Book Summary: Negotiation Genius Written by Deepak Malhotra and Max Bazerman

May 31, 2022 0 Comments

Negotiation is at the heart of human communication. Think about it. Most conversations are a sale in the making. You are either selling yes or accepting no in everything you do. At work this is reflected in what you do, how you do it and what you get paid. All of these facets are negotiable. Deepak and Max go well beyond the win/win, win/lose, and lose/win mentality and show how to create value. The whole point of the book can be summed up in a quote from Emerson: “Man waits; genius creates.”

Why is this important to me?
I start all book summaries with this question because if we can’t answer it, then there’s no point in wasting time watching the video. People do anything to avoid pain and get pleasure. When in the middle they reach their COMFORT ZONE! The comfort zone may be the one place where good negotiation is not needed. Otherwise, you need to know how to trade – PERIOD. This book will show you how.

Win/win is considered the ultimate goal of good negotiations. Is it the best result? The genius of the negotiation will show that it is not always the best result. Amateur negotiators pull on each side of the rubber band hoping it won’t snap before they can come to an agreement or settlement. This is claiming value in a nutshell. Johnny wants to pay only $50,000 and Jane wants $100,000. They are usually somewhere in the middle at $75,000. Claiming value is not as powerful as creating value, which we will examine in more depth.

Deepak and Max divide the book into 3 sections. I will cover parts of each section for time reasons. Claiming value is the first part. Value Claim: This is when each party tries to get the most out of the negotiations for itself.

1. BANTA – The best alternative to the negotiated agreement! Identify all your best options. Do your homework and get ready
2. RV – Reserve Value – This is your starting point. Understanding BANTA allows you to really know what your reserve value is.
3. ZOPA – is the ZONE of Possible Agreement – This is the difference between the sales reserve value or starting point and the buyer’s reserve value.

Common negotiation mistakes are as follows: 1.) You made the first offer when you weren’t in a strong position. 2) You made a first offer that wasn’t aggressive enough. 3.) Spoke but did not listen 4.) Tried to influence the other party but did not try to learn. 5.) You didn’t question his assumptions about the other party. 6.) He Miscalculated the ZOPA and did not re-evaluate it during the negotiation. 7.) Made bigger concessions than the other party.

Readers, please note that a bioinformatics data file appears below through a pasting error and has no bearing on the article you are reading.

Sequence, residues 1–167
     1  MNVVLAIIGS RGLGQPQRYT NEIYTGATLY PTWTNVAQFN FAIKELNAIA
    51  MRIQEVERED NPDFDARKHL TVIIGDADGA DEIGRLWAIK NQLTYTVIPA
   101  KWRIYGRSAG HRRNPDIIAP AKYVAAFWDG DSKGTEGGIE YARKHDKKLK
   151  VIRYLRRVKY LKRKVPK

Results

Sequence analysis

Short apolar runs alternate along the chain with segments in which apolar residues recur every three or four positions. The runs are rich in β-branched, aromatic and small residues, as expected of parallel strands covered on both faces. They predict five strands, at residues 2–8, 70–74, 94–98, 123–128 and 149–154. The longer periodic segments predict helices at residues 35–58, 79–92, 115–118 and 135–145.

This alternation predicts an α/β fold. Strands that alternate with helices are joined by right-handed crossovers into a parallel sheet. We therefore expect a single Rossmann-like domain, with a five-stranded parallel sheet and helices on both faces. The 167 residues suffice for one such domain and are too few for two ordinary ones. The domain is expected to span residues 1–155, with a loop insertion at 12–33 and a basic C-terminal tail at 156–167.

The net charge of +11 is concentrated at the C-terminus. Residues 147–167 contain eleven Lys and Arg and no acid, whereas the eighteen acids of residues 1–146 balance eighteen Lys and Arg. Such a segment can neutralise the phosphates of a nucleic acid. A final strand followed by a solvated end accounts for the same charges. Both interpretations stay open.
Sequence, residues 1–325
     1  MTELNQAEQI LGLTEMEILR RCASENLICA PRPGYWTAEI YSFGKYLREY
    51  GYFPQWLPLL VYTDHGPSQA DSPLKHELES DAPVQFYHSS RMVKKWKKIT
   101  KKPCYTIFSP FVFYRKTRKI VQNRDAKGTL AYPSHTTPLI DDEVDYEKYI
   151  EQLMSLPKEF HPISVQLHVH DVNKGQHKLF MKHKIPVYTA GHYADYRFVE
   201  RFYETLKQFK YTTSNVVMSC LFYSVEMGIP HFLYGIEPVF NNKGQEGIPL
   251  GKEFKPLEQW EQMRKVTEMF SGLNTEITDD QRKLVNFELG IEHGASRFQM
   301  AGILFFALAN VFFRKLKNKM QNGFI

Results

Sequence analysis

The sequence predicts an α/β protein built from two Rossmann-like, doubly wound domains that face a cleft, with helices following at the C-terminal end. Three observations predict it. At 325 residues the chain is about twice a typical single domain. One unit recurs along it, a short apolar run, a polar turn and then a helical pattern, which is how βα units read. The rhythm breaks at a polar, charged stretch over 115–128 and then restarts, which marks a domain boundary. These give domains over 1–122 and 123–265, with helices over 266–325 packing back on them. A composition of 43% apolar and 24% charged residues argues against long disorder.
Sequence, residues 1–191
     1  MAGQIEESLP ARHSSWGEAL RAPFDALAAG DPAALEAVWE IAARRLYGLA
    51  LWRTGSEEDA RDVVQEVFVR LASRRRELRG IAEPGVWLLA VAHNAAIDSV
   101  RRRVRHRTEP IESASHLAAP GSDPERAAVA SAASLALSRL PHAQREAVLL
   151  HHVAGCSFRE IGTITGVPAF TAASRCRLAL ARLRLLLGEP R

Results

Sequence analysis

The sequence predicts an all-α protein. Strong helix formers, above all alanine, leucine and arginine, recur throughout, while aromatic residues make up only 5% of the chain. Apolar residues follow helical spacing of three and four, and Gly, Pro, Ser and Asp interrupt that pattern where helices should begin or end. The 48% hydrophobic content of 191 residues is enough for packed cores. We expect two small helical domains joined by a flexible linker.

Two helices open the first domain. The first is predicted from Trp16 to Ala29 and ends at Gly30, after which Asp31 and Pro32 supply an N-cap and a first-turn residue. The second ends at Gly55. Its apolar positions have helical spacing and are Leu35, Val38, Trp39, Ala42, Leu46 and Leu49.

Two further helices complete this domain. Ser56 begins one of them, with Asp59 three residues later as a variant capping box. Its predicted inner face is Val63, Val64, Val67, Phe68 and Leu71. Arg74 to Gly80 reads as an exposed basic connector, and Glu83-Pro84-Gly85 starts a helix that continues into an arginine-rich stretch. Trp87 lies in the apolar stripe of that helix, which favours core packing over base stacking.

Contingency Contracts are designed to bring out lies and deception as the most extreme in any contact. They leave certain elements of the deal unresolved until the uncertainty in the future is resolved.
Silence: get comfortable with silence. Just remember that if you speak when it’s their turn, you’ll pay per word.

Investigative negotiation is just what it says. Probe and ask questions to gather information. How can we obtain information to create value, resolve conflicts and reach efficient agreements?

1.) Trust is essential in all relationships. You can have a weak agreement with good people and get a great result. You can also have a rock-solid deal with bad people and have a terrible outcome. Trust is the glue that holds the deal together after it’s done. Sharing information can help you collect information.

2.) Negotiate issues simultaneously – When you do this, more information is shared and the dialogue is more open. Once people feel comfortable with you, they will download more information.

3.) Ask good questions and LISTEN – If you take nothing else from this video review, this tip will serve you well. Ask open-ended questions in your TERMS like “Why”, “Tell me more”, “Can you be more specific?” It will allow you to get a full spectrum of what they are concerned about, what is important to them, and what areas are NOT. important to them.

The power of questions can be mind-boggling. Think if Microsoft wanted to buy your software company. You value it at three times the revenue, which is $15 million dollars. If you accept this offer knowing everything you can possibly know, then this may be good enough. What if due to their distribution, they will be able to generate $100 million per year in revenue with their software? Don’t you think they would pay you more? They could pay you triple your price. The key here is knowledge. Understand why they want to buy and the consequences if they don’t and this will give exponential results.

Several principles are essential for you to learn. Remember that in any negotiation if you get a No, don’t accept it. Your goal is to understand “Why NOT”. Once it does, you’ll be able to reopen it and get a yes.

I hope you have found this brief summary useful. The key to any new idea is to work it into your daily routine until it becomes a habit. Habits are formed in as little as 21 days.

One thing you can get out of this book is that you don’t accept NO. Instead, ask why!

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